So even though Eun-tak can see the sword for some reason she can’t touch it, which leaves the plot of “Goblin” at an impasse, save for all the warm fuzzies prompted at the last cliffhanger. Once more the drama presents us with an unfortunate dilemma. Do we act annoyed because all of the magical rules seem to be made up as they go along, or do we allow ourselves to be wrapped up in the inherent prettiness of frozen snowfall?
The usual weird situation comedy antagonism between the Goblin and the Grim Reaper does admittedly skew that preference to the latter choice somewhat. The worst of it is that their behavior is rubbing off on Deok-hwa. Is that why he was sent to live with them, to learn how to overact and be sincere at the same time somehow? These characters are simultaneously upset and yet not really upset at all about the prospect of real change, possibly because they may not believe real change is possible.
This is admittedly a fairly useful perspective through which to view their world. Consider how the Goblin and the Grim Reaper are immortal. They’re used to having way, way too much free time to just do whatever random arbitrary task, so what’s it to them if the status quo is going to keep up a little while longer? And Eun-tak is too young to have much sense of time yet anyway. She’s still working on school, archaic and quaint thought that notion must seem to the immortals.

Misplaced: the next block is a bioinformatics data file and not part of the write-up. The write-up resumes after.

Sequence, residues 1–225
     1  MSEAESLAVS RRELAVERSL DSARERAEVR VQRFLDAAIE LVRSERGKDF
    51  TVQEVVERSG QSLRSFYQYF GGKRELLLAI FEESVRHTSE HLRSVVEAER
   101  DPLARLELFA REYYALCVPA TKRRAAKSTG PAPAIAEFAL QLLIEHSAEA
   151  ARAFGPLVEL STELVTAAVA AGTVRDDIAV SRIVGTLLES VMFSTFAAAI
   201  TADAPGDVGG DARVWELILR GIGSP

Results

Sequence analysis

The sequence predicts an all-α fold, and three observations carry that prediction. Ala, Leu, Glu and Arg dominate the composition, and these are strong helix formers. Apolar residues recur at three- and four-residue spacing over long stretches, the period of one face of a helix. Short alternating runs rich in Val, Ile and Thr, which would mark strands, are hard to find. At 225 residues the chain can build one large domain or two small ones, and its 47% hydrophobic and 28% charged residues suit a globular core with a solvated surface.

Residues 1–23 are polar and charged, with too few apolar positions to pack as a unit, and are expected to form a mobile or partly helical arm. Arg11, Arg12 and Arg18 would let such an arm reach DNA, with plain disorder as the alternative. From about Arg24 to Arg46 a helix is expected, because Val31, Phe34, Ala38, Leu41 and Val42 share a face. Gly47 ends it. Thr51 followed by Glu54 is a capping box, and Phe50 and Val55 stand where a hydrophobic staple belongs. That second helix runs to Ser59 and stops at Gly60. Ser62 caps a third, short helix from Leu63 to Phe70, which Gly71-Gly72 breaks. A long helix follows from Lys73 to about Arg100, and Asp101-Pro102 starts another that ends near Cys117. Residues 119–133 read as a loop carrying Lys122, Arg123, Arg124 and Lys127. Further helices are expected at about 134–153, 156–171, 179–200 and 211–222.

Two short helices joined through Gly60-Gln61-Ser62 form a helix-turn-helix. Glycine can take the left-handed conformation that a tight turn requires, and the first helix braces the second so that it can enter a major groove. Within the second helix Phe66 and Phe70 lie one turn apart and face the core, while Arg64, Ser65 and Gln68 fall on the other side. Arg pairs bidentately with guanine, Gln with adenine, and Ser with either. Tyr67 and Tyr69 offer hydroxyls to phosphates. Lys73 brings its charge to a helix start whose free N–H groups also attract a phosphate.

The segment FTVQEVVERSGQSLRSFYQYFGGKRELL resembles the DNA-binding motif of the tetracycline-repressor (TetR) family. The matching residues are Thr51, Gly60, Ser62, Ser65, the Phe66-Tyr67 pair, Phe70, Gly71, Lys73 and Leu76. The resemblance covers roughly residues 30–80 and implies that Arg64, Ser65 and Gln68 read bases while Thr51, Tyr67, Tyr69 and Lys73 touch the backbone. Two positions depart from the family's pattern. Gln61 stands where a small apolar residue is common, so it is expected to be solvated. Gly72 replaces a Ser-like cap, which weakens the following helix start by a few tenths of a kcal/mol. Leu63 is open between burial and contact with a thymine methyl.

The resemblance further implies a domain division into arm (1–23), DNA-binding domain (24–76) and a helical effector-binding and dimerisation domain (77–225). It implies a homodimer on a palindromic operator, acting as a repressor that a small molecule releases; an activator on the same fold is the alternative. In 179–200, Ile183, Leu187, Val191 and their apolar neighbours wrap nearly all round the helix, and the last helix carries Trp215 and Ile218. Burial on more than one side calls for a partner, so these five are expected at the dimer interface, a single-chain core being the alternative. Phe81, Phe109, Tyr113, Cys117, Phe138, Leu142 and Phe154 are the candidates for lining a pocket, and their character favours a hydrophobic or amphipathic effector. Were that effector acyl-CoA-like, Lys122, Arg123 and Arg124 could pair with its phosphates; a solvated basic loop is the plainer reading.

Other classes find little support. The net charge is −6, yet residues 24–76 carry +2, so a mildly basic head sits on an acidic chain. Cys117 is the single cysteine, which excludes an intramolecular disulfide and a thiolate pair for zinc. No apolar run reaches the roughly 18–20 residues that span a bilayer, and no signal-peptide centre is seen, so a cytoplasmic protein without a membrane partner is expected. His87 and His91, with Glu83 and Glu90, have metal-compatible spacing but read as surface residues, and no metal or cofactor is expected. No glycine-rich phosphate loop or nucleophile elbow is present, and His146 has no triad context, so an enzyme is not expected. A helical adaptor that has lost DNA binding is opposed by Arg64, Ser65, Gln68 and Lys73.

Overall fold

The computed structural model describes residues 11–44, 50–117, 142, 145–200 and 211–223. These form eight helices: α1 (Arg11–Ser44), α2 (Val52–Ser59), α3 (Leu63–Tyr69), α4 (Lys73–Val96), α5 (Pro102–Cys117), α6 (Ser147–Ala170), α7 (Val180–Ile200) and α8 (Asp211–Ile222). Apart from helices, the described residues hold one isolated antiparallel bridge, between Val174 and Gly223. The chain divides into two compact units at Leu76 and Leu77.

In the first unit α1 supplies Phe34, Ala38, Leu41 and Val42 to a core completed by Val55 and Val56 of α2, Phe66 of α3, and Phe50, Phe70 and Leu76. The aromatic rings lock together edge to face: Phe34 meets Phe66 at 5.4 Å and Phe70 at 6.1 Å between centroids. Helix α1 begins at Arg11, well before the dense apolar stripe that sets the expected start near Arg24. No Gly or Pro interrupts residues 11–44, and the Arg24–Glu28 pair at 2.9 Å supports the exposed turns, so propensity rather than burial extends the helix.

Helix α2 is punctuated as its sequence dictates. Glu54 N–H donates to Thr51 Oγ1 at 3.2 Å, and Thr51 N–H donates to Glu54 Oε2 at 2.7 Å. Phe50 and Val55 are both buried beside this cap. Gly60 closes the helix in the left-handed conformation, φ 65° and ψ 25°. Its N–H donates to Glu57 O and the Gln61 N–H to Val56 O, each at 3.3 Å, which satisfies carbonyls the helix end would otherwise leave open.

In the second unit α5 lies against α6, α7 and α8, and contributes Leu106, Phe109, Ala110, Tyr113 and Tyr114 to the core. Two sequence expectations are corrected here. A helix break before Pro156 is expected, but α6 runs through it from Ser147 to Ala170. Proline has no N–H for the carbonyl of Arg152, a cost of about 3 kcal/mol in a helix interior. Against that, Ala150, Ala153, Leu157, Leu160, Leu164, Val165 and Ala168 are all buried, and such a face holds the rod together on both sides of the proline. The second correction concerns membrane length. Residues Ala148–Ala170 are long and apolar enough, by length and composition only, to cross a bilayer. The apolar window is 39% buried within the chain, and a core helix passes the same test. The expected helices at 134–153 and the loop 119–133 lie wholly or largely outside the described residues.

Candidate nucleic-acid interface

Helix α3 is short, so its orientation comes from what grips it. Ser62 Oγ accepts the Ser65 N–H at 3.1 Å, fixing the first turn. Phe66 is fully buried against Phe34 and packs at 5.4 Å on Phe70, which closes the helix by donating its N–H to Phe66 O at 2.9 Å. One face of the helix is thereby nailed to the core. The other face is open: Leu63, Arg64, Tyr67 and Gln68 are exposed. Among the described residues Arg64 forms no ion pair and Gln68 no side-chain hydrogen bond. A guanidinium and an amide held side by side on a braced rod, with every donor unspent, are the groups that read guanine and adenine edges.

Yet these very same immortals continue to be so…petty. I find it remarkable that, with access to all of the no doubt in amazing restaurants available in the far-off kingdom of Quebec, everyone in “Goblin” consistently manages to get all their food from two chain restaurants. Why, it’s almost as if they’re being paid to do so. Except that the immortal characters either have infinite money or no money, depending on which circumstance will provoke more humorous reactions.
Did you notice how that previous paragraph contained several radically different ideas, some serious, some not, while also being inconsistently sarcastic in such a way to make interpretation vaguely confusing? That’s what the “Goblin” viewing experience is like. The best ironies tend to be the ones that aren’t all that explicit- like why, of all the random movies to spotlight, the production team decided to go with “Train to Busan”.